“Hope sustains us on our journey of faith”

Father David Goodill, Visiting Professor at the University of Saint Joseph

Marco Carvalho

You recently delivered a lecture at Saint Dominic’s Church about the perception of Saint Thomas Aquinas on hope, which doesn’t have exactly the same meaning that we use in everyday life. In a certain sense, he uses it as a way to redemption, if not salvation. What’s special about Saint Thomas Aquinas’ conception of hope?

Father David Goodill: Saint Thomas looks at hope in two parts of his “Summa Theologiae”. First time he looks at it, is in relationship to the emotion of hope, the passion of hope. And that is closer to what we understand as hope, closer to our everyday understanding of hope. It’s the kind of expectation we nurture when we are longing for a future, when we wish to attain something in the future, but we have something in the way, some kind of obstacle to obtaining something in the future. This is the sort of emotion which lots of animals have, as well, in their own way. This is how their desires work, in a certain sense. So, there is something in terms of an emotion that we share with animals. You can see it, for instance, in a cat or a dog hoping for some food, for example. They are kind of expecting or hoping for some food. The same kind of human emotion moves us forward when we need to overcome something in the way to a future good. A child, for example, wants to go out and play with her friends, but there is something in the way. Let’s say, there is a dog in the way and this child has to get past the dog to get to his friends. His only hope is that, somehow, he can negotiate this situation and overcome the obstacles on his way. The good thing in the future is playing with his friends. That’s what Saint Thomas Aquinas begins with: this basic human emotion of hope. One of his first conclusions is that this is an emotion which is quite strong in young people. Young people have a lot of time ahead of them and not that much past experience. In general, young people have a sense of hopefulness for the future. But Saint Thomas also associates hope with people who are drunk. People who have been drinking usually have a sudden sense that they can achieve anything, that they can overcome any obstacle. If you think about it, it can be a kind of foolish hope, as well. So, the emotion, itself, it can be helpful, but it can also be immature. It can be something in which we revel when we are not fully rational. But, as a basic emotion, it’s a good thing…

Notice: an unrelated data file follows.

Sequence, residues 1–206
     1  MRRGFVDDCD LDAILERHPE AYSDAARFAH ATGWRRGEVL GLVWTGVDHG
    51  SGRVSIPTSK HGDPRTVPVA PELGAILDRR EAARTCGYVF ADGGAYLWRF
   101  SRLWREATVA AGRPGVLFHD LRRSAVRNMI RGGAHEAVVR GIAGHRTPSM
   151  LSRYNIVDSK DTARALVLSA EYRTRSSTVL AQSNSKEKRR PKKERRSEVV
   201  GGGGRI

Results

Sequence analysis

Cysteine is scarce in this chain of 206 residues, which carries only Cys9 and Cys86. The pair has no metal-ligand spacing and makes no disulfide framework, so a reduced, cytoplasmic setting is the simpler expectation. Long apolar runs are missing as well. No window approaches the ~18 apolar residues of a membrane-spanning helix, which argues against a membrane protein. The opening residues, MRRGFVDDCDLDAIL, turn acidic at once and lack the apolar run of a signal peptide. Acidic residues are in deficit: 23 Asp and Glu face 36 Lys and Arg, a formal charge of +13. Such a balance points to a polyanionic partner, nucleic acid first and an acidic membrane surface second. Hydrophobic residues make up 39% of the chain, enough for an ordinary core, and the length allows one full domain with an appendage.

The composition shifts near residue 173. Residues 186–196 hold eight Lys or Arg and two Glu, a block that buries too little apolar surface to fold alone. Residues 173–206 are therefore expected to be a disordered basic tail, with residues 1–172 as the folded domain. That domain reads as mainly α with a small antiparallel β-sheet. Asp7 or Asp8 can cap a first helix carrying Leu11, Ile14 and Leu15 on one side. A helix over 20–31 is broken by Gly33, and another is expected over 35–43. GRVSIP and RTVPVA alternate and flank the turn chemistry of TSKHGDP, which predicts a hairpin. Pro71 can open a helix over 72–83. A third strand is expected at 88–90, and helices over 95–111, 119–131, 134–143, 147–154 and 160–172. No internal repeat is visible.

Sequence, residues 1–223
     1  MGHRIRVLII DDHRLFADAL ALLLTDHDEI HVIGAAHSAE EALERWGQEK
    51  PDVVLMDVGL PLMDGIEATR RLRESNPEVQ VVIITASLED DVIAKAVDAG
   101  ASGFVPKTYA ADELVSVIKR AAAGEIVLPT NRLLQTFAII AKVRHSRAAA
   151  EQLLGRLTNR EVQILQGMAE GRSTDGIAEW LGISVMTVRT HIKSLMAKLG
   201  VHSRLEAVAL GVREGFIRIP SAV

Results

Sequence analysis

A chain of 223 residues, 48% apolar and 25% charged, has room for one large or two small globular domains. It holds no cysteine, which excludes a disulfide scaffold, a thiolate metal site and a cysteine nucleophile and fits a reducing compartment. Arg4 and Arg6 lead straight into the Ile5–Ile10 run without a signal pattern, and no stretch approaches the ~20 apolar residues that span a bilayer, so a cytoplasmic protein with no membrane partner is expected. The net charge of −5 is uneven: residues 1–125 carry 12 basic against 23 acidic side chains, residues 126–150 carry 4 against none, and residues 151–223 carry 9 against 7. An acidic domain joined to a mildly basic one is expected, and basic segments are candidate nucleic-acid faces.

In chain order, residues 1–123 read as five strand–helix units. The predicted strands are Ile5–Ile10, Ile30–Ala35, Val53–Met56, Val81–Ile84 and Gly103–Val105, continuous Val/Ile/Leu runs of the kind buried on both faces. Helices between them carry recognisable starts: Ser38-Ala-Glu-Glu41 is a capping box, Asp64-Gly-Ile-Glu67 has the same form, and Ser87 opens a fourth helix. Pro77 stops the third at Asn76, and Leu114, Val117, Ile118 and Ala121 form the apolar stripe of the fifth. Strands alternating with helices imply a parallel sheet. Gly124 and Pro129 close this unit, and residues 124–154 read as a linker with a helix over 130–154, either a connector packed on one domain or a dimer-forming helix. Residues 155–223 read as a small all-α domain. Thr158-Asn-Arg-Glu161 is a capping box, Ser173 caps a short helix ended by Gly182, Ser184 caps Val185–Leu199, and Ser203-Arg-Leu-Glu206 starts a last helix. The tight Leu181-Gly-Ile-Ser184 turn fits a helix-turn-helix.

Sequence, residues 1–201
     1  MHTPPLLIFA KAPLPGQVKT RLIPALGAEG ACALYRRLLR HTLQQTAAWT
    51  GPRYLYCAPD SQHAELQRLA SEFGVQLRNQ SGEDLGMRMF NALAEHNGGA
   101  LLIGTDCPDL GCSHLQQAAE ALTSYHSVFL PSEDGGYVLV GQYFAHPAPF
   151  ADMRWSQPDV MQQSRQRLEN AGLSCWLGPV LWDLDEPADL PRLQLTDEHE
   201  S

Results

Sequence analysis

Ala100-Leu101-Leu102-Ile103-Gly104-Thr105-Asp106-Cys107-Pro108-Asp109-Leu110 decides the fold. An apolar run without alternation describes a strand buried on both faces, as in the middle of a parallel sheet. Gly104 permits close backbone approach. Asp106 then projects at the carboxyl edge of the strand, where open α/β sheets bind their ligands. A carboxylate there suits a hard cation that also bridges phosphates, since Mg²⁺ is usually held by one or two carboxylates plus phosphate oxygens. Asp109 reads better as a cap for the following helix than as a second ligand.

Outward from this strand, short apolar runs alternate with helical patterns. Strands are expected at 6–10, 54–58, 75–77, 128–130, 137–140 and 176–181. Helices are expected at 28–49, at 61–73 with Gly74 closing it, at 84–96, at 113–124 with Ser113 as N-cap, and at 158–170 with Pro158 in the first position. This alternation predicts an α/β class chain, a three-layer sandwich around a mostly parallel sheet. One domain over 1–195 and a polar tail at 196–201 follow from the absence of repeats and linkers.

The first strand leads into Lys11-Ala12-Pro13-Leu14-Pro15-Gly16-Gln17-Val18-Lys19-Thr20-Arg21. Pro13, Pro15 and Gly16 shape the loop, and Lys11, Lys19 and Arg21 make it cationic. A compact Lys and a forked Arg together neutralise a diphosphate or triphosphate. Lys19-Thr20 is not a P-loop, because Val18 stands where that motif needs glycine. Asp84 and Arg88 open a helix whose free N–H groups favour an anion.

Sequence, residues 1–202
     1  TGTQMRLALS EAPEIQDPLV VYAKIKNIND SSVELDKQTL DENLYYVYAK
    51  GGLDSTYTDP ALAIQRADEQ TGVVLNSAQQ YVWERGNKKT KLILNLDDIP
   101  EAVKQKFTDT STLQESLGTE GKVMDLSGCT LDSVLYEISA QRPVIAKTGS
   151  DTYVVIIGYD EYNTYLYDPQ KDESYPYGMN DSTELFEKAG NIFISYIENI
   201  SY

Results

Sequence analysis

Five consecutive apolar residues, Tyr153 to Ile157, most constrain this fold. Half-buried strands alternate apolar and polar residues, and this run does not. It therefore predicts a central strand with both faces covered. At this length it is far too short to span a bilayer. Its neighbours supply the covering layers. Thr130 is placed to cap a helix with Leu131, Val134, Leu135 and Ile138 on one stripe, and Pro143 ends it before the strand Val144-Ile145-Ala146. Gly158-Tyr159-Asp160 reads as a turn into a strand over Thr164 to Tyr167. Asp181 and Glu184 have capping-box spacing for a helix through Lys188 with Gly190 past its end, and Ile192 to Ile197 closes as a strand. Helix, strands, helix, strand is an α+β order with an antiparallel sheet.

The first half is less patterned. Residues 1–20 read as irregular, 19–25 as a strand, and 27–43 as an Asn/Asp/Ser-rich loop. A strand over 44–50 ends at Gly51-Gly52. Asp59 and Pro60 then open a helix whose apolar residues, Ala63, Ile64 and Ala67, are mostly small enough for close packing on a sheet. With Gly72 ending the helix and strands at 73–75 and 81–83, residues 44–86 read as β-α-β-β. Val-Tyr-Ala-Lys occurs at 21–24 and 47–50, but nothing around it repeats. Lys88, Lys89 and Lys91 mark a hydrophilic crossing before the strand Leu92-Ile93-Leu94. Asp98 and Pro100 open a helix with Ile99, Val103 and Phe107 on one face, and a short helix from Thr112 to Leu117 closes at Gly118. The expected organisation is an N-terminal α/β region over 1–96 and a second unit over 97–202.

But there’s more to hope, according to Saint Thomas Aquinas…

F.D.G: Saint Thomas then looks at the writings, particularly of Saint Paul and sees waiting and waiting and expectation of the coming of the Kingdom. The idea that God has promised us salvation, promised us the coming of His kingdom and we receive that through the gift and virtue of faith expands his understanding of hope. We have that promise, that we know it is true, because it was made by God himself. What hope does is…hope sustains us on our journey of faith, as we journey towards the Kingdom of God. So, just as a child has to overcome obstacles to get the good thing they want in the future, in our journey of faith, we know that God has promised us His kingdom, but there are many obstacles on the way. To live a Christian life, there are many temptations we have to give up, one of which is to presume that we have already achieved something by allowing God to work within us, through His grace. What we need is a special virtue –  which Thomas takes from the Scriptures and theological tradition – to help to move us towards this future good which is God. For Saint Thomas Aquinas, there are two elements to this: there’s the good himself that God has promised us and then, there’s this help that God sends us. Through faith, we know that God will send us His help when we need it the most. Part of the virtue of hope is exactly that:  this notion of God sending us help, special spiritual gifts or graces, when we are in need of them.